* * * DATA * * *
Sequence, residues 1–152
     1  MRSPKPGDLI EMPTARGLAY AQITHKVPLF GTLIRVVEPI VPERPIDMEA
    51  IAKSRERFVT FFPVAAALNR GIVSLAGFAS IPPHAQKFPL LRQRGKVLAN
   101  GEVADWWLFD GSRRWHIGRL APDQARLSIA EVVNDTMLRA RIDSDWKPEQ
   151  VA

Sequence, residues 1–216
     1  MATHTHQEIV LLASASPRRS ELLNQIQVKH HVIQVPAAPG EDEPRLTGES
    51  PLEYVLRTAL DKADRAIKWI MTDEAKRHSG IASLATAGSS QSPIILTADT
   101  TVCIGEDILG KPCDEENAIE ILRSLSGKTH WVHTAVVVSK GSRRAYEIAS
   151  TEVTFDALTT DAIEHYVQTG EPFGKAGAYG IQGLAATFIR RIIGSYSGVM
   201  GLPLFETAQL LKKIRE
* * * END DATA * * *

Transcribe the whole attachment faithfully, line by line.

Sequence, residues 1–152
     1  MRSPKPGDLI EMPTARGLAY AQITHKVPLF GTLIRVVEPI VPERPIDMEA
    51  IAKSRERFVT FFPVAAALNR GIVSLAGFAS IPPHAQKFPL LRQRGKVLAN
   101  GEVADWWLFD GSRRWHIGRL APDQARLSIA EVVNDTMLRA RIDSDWKPEQ
   151  VA

Sequence, residues 1–216
     1  MATHTHQEIV LLASASPRRS ELLNQIQVKH HVIQVPAAPG EDEPRLTGES
    51  PLEYVLRTAL DKADRAIKWI MTDEAKRHSG IASLATAGSS QSPIILTADT
   101  TVCIGEDILG KPCDEENAIE ILRSLSGKTH WVHTAVVVSK GSRRAYEIAS
   151  TEVTFDALTT DAIEHYVQTG EPFGKAGAYG IQGLAATFIR RIIGSYSGVM
   201  GLPLFETAQL LKKIRE